Negation mitigates rather than inverts the neural representations of adjectives.

PLoS biology(2024)

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Abstract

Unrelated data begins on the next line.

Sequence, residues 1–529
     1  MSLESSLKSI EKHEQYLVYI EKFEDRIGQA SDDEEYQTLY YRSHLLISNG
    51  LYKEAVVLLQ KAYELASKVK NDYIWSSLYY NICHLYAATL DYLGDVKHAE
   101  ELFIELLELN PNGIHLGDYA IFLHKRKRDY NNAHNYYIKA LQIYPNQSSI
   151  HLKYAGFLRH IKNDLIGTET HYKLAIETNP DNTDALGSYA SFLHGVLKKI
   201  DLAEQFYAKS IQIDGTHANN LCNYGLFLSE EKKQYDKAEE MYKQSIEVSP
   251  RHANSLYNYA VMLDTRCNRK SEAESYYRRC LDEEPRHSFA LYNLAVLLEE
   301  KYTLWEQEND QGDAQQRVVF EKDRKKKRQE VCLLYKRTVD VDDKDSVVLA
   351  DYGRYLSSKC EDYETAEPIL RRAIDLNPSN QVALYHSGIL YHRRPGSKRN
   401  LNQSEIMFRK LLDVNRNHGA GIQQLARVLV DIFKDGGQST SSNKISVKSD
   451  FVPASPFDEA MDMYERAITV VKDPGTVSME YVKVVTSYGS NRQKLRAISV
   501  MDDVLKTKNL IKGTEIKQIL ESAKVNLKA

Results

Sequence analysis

Combinatoric linguistic operations underpin human language processes, but how meaning is composed and refined in the mind of the reader is not well understood. We address this puzzle by exploiting the ubiquitous function of negation. We track the online effects of negation ("not") and intensifiers ("really") on the representation of scalar adjectives (e.g., "good") in parametrically designed behavioral and neurophysiological (MEG) experiments. The behavioral data show that participants first interpret negated adjectives as affirmative and later modify their interpretation towards, but never exactly as, the opposite meaning. Decoding analyses of neural activity further reveal significant above chance decoding accuracy for negated adjectives within 600 ms from adjective onset, suggesting that negation does not invert the representation of adjectives (i.e., "not bad" represented as "good"); furthermore, decoding accuracy for negated adjectives is found to be significantly lower than that for affirmative adjectives. Overall, these results suggest that negation mitigates rather than inverts the neural representations of adjectives. This putative suppression mechanism of negation is supported by increased synchronization of beta-band neural activity in sensorimotor areas. The analysis of negation provides a steppingstone to understand how the human brain represents changes of meaning over time.
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